Winter and white pelicans are back
One of my favorite days of the year happened a week ago. I looked out in the morning at a sea of white floating at the mouth of Palma Sola Bay. The white pelicans were back – always a promise of cooler weather, holiday lights and an active real estate sales season. This year, however, increased real estate activity didn’t wait for the white pelicans to appear, at least not in Florida.
On Nov. 20, the National Association of Realtors reported existing home sales declined 3.2 percent in October. This is the second straight month that previously owned home sales slipped possibly a sign that higher interest rates are cooling the housing market.
The national market started to weaken in July when rates for a 30-year, fixed-rate mortgage jumped in June and stayed near 4.5 percent through mid-September. As a comparison, a year ago buyers were securing a rate of 3.4 percent for the same type of loan. Every percentage point increase in mortgage interest rates makes homes about 10 percent more expensive for buyers by increasing monthly mortgage payments. In spite of a downturn in sales, the national median price of existing homes increased 12.8 percent from a year earlier to $199,500.
Southwest Florida, however, is ahead of the national market, rebounding to a level not seen since the market’s historic boom a decade ago. October sales did well in spite of rising interest rates, tight inventory and cancelled contracts because of the three week federal shutdown. It appears that the seasonal retirees are back, and they started a little earlier than normal. With mortgage rates leveling off, even more buyers are expected to take the plunge during the active winter months.
Manatee County’s October numbers are also very good. Closed single family homes had an 18.4 percent increase from October 2012, with the median sale price up 14.1 percent to $215,000 for the same period. New listings were down 2.1 percent, which supports the lack of inventory many buyers are experiencing.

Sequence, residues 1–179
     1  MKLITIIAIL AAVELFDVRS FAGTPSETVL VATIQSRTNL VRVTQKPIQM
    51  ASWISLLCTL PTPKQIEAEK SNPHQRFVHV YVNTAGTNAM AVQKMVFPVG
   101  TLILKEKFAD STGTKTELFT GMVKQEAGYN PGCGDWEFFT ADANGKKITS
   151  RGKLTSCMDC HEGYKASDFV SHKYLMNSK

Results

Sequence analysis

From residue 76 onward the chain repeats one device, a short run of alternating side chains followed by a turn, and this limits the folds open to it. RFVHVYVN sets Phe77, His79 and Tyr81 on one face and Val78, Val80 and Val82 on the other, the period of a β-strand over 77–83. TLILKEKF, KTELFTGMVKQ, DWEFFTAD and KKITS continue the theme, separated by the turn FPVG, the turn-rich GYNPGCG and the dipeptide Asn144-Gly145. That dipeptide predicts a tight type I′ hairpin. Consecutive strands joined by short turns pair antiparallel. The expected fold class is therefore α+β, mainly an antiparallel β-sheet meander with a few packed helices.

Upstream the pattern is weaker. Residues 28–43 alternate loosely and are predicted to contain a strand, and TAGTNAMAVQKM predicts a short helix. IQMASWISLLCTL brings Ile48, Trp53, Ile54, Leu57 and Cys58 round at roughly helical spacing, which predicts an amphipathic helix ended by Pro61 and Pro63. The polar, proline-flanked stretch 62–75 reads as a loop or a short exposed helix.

Manatee’s townhouse and condo sales did even better in October, with a 21.7 percent increase in sales and a 25.1 percent increase in median sale price to $125,050. New listings were also down by 10 percent from October of last year.
One really interesting number was the increase in cash sales from last year. Single family home cash sales increased 2.1 percent, but townhouse and condo sales increased 31.9 percent pointing to those seasonal retirees coming down with pockets full of cash. All of these statistics were produced by Florida Realtors with data provided by Florida’s multiple listing services.
So that’s all the good news; now for the bad. By now everyone on Anna Maria and indeed everyone who lives in a flood zone in Manatee County are aware of the changes in FEMA’s flood insurance rates. Last year’s legislation was an attempt to curb taxpayer subsidized flood insurance rates, which benefit a relatively small group of people in the country.
But the affects of the extraordinary increases in premiums has hit homeowners so hard that representatives in Congress and the Senate are proposing changes and/or delays to the implementation of the programs. So far, however, the leaders of the House Financial Services Committee are standing behind last year’s bipartisan legislation. Now would be a good time for coastal homeowners to contact their local legislators to express your opinion and relay personal experiences related to premium increases.
At this point, the real estate market in coastal Florida is a mixed bag. The good is that the overall market has improved significantly; the bad is yet to be determined. Never-the-less, the white pelicans have arrived, which always brings a smile to my face.